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Kesha Rides the ‘Rainbow’ to Freedom on Colorful, Cathartic New Album: Review

Written by on May 18, 2016

Kesha has been to hell and back and lived to tell the tale⎯⎯well, several actually. Rainbow, the artist’s deeply-visceral and musically-adventurous new collection of music, is her opus: an assortment of stunningly intimate musings, defying battle cries on womanhood and empowering tributes to the outcasts in search of redemption. She’s been a “prisoner of the past” for far too long, as she sings on “Learn to Let Go,” but that pain has led her to freedom.
Following her very public war against alleged abuser and long-time producer Dr. Luke, the now-30-year-old exposes every layer of her healing. She vows to forgive, as she does so bravely with lead single “Praying,” and shakes off her demons completely on other tracks, like on “Learn to Let Go.” Her ascension from tragedy to artistic rebirth is astonishing, and she walks listeners through each stage of her recovery over the past five years, fervently pouring her heart out through the most insightful lyrics of her career.
On Rainbow, she honors her sloshy pop-punk roots (“Let ‘Em Talk,” “Boogie Feet”) but trades up her creative ambitions for gritty alt-country (“Hunt You Down,” “Boots”), blues (“Woman”) and striking singer-songwriter sentiments (“Rainbow,” “Godzilla”). The compositions are earthier, here; her rock-queen vocal heaves into the stratosphere, always on top of the production, knocking you squarely across the chest. Across the record, the spiritual narrative swells from intensely personal to sweeping and universal. With whom Newsweek has dubbed “Lazy Boy” as president of the free world, there is no better time for actual purposeful pop than right in this moment. (Katy, what’s good?)
Rainbow, out August 11, serves as a heart-wrenching love letter to survivors of abuse, too, knit lovingly with empowerment, shimmery optimism and happy endings. Truly, it is in her darkest moments that hope shines the brightest. Across fourteen songs, Kesha comes clean about “the wars, the triumphs, the beauty and the bloodshed, the ocean of human endeavor.” She now rises victorious over her detractors, a slayer of the industry demons and energy vampires who sought to bleed her dry. And so, Kesha is a testament to what happens when you lay claim to your own life and never give up.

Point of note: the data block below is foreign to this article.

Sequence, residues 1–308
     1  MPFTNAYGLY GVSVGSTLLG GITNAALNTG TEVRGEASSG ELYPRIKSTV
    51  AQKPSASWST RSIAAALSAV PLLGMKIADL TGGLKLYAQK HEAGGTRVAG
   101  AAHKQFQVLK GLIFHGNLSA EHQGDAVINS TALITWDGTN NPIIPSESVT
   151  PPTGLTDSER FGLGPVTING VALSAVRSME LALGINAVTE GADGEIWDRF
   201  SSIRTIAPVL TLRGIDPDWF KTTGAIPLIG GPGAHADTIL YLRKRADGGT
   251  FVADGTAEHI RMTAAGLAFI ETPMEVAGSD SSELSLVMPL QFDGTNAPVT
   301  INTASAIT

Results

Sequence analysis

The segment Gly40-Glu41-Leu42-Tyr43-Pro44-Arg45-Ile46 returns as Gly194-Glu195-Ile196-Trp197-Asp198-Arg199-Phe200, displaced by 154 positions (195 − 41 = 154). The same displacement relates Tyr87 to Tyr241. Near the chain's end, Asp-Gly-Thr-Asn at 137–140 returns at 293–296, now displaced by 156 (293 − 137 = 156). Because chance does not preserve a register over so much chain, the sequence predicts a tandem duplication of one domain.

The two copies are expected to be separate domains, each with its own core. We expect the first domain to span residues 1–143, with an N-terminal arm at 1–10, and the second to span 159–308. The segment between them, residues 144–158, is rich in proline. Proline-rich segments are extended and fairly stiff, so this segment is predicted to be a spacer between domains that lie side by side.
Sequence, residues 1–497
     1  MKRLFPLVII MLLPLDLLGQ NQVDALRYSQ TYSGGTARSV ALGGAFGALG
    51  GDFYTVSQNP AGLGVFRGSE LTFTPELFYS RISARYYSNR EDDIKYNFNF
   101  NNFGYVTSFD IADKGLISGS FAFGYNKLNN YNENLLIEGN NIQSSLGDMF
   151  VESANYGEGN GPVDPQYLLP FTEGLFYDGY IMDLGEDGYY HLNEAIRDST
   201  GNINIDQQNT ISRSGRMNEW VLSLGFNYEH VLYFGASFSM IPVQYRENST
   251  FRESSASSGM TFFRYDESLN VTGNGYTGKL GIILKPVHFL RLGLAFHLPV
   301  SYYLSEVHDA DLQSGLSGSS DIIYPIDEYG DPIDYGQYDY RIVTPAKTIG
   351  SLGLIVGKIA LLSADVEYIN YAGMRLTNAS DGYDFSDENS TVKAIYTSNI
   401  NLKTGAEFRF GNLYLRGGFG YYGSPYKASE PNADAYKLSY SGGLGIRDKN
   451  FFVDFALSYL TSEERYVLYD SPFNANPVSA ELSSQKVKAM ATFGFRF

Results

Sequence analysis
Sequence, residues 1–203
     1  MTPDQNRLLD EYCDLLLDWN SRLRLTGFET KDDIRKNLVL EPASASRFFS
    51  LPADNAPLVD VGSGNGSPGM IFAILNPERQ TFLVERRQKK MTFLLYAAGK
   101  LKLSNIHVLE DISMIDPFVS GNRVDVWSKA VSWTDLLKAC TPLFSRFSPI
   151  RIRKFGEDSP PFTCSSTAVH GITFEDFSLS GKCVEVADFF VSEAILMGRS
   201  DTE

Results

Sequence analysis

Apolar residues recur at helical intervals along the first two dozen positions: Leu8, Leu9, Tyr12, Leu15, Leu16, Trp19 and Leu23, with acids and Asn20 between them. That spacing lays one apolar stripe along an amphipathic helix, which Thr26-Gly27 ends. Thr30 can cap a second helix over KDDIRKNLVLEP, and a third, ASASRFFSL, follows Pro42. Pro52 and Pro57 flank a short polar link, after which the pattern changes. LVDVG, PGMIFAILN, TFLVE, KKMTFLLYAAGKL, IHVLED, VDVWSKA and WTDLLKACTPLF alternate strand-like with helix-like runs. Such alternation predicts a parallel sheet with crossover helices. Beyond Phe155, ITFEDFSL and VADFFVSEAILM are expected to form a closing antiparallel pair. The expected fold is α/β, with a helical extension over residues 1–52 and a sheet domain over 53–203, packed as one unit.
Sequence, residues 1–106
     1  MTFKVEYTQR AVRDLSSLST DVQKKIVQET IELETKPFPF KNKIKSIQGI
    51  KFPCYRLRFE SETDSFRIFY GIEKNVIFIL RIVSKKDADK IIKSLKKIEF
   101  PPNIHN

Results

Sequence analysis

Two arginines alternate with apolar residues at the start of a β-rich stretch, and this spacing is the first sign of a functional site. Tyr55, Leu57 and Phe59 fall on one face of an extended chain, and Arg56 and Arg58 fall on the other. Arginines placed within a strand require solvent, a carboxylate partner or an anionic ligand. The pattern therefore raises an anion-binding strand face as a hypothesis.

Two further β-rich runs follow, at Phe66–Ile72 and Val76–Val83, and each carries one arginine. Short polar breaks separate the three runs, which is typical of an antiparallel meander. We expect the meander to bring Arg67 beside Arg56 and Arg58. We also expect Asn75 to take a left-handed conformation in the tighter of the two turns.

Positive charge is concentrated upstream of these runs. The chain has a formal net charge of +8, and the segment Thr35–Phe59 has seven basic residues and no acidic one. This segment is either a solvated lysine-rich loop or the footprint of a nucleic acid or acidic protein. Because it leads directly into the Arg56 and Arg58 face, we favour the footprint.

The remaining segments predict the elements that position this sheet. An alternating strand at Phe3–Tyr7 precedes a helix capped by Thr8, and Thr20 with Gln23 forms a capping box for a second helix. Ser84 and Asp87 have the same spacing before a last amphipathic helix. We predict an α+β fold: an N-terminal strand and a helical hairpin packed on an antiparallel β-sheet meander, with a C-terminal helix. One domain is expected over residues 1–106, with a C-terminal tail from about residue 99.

Below, we dissect Rainbow, track-by-colorful-track.
Mounting a comeback is a risk on its own, but to open a record with such a stylistically-ambitious ballad is brave. The T. Rex-influenced jam is doused with alt-country inflections, from the way Kesha flitters into her head voice to the surging ripples of steel guitar that groan like a classic Johnny Cash tune. (The tone of the acoustic guitar borrows a structure often associated with country music, too.) Kesha keeps you on your toes: just when you think you can nail the song down, she begins building the track with a soulful, hippie-smoked layering of harmony and scratchy synth waves that wash over you before you ever have a chance to take a breath. “I could fight forever but life’s too short / Don’t let the bastards get you down / Oh no, don’t let the assholes wear you out,” she hisses. But resentment is not informing her phrasing. Instead, she relishes in the s—-talking and resolves to prove everyone wrong. And boy, does she ever.
“Let ‘Em Talk”
Long-time stans, don’t fret: Kesha doesn’t abandon her old stomping ground entirely. Joined by Eagles of Death Metal, a rock outfit out of the late 1990s, the pop star is at her feistiest here. She knows her haters are gonna talk, so why not make them a little jealous? Melting together distinctly more progressive rock with a style akin to “Dirty Love” (from 2012’s Warrior), she begins piecing the past and future together in noticeably exciting ways. “Life is short and we only got one shot / So, let’s go balls out,” she wails over a mighty crest of hardened guitar, buoyant “ooo”s and a raucous Rolling Stones-sized melody. When she snarls up the notes on the pre-chorus, it is evident her transformation into one of today’s most engaging rock singers is final. “Shake that ass / Don’t care if they talk about it,” she commands on the spunky hook. Even when the groove feels eerily familiar, Kesha brings her own unstoppable vigor and brightness, and it feels like she’s shattering the glass ceiling in the process: “We are kings / Life is just a party palace.”
“Woman” ft. the Dap-Kings Horns
With band members who once backed the late, great Sharon Jones, this bluesy number is a direct response to Trump’s gross p—y-grabbing comments. “That made me so infuriated, as a hardcore feminist. Ever since I was a kid and knew what a feminist was, I was a feminist. (I was) raised by a feminist,” the singer explained in an interview. “Once I heard that [comment] I was like, okay, well, I’m going to write this song about being a bad— motherf—ing woman who you don’t want to f— with.” A grin splashed across her face in the music video for the song, Kesha unfurls one infectious and audacious hook: “I’m a motherf—ing woman, baby all right / I don’t need a man to be holding me too tight, I’m a motherf—ing woman / I’m just having fun with my ladies here tonight…I’m a motherf—er.” From her charming and delightful chuckle in the second verse to the visual’s slinked-back breeziness, the song serves as a reminder just how damn strong and fun she is.

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